When my father died recently the family asked if I would officiate over his funeral—a simple graveside service. In the days preceding I struggled to find the right words to share.
Of my two parents, I was much closer to my dad. We always had similar interests and I favored him in appearance, though I was a smaller and far less attractive version. He was a particularly robust man who enjoyed good health through most of his long life (94 years). Therefore, it was disturbing to see his rapid decline in the last two years of his life.
But it must have been especially distressing to him as he faced the threat of becoming dependent upon others. Doctors discovered an inoperable tumor in his brain and anticipated his need for around the clock assistance. He always felt uncomfortable receiving gifts from his children, and now they were gearing up to care for him.
I recalled the words of an old gospel song, Stand by Me. “When I’m growing old and feeble stand by me. When my life becomes a burden and I’m nearing chilly Jordan, O thou Lily of the valley, stand by me.” The thought of becoming a burden must have tortured my dad. Mercifully for him, however, God took him before hospice care could even be established. God delivered him from his fears. As David wrote in the Psalms, “I sought the LORD and He heard me and delivered me from all my fears” (Ps, 34:4).
Getting to Know God Better
Old age is a cruel enemy. It turned the father who once held me in his arms into a shriveled, broken old man. But old age has a redemptive purpose in our lives. As it robs us of our health and strength, it makes us more dependent upon God. As old age takes away our friends and loved ones, it forces us into a deeper friendship with our heavenly Father. When it sickens and slows us down, old age makes us more mindful of our own mortality. By its power to physically and mentally limit us, old age prepares us for eternity.
This reality makes sense out of something that’s always puzzled me about two biblical characters—Jacob and Paul. Jacob and Paul had face-to-face encounters with God that parallel each other. God visibly appeared to both of them. They were both inwardly transformed by the experience. And, strangely, both of them were physically impaired by the divine encounter. As Jacob “wrestled” with God, God deliberately dislocated his hip so that he walked with a limp the rest of his life (Gen. 32:24–32). Paul was blinded in his experience with God (Acts 9:3–9). And although God later restored Paul’s sight, there are indications from his letters that his vision remained poor (Acts 9:13–19; 2 Cor. 12:7–10; Gal. 4:13, 15; 6:11). But what was physically impairing to these men, also became a source of spiritual power. In fact, Paul confessed that he would gladly bear his physical weaknesses in order that the divine power of Christ would rest upon him. “For,” he wrote, “when I am weak, then I am strong” (2 Cor. 12:10).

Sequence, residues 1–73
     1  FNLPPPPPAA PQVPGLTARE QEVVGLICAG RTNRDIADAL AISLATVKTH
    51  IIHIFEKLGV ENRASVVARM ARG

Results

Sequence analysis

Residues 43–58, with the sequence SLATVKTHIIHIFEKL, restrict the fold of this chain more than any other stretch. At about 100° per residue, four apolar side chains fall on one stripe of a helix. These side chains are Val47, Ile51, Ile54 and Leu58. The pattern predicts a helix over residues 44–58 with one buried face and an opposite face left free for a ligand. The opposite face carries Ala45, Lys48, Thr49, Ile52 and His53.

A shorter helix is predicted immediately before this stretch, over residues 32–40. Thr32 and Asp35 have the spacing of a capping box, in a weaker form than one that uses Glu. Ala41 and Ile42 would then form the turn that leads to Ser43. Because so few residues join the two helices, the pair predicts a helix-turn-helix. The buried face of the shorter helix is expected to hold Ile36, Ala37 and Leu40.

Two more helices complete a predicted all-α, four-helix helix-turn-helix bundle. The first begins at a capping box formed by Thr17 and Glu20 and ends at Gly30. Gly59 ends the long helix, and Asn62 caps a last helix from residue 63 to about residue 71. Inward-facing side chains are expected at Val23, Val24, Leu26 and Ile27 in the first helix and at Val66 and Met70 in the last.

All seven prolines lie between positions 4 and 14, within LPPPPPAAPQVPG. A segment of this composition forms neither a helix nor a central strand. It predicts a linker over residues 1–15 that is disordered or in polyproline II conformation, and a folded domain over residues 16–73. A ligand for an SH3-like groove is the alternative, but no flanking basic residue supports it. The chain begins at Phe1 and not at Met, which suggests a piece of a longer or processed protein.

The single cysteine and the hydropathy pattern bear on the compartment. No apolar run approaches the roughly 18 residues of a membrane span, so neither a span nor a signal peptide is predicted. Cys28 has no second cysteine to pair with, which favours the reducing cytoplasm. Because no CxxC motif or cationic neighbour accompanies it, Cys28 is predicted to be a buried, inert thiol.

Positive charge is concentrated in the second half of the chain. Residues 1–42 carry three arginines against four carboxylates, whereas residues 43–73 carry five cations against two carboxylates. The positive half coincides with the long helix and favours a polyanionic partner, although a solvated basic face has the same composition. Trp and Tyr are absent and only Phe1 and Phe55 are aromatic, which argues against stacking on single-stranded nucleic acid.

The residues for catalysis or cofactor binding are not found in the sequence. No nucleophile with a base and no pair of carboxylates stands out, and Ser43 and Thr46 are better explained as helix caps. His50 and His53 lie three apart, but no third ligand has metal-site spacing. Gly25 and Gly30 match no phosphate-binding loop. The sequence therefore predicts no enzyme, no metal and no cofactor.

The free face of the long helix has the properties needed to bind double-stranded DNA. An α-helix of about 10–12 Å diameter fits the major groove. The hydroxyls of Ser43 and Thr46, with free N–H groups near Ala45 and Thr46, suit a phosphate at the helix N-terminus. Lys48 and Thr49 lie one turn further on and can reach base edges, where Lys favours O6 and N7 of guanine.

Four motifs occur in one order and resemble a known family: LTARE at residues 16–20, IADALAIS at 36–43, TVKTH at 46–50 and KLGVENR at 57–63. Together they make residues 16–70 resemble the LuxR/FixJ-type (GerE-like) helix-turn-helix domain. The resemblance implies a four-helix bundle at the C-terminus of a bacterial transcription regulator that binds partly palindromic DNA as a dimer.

Old Age Can Help Us Repent
This was also true of my father. As the effects of old age ravaged his body, he drew closer and closer to God. When he died He was ready to meet the Lord.
Some people reason, “Hey, if we’ve got to die, then why not remain in perfect health until the day of our death? Why do we have to go through such a humiliating and painful process as old age before death?” Here’s why. If we remained in our physical and mental prime up to the day of our death, we’d die as self-willed, arrogant, and unrepentant sinners. Death would then be a total disaster for us, for we’d be completely unprepared to meet God.
But God gives us “old age” in His mercy. The painful limitations of old age drive us into the loving arms of our heavenly Father. God allows this so that we will not be strangers to Him when we face eternity.
So if weakness and physical impairment comes into your life, don’t become embittered. Our physical weakness is a sign of God’s love and a means of our redemption. The more we are humanly weak, the more we become spiritually strong and fit for heaven.
Dear Father in heaven, please help me to welcome my weaknesses and limitations, and to cling to You for strength. Teach me that Your grace is sufficient for me for every situation and that when I am weak in myself then I am strong with Your power. Amen.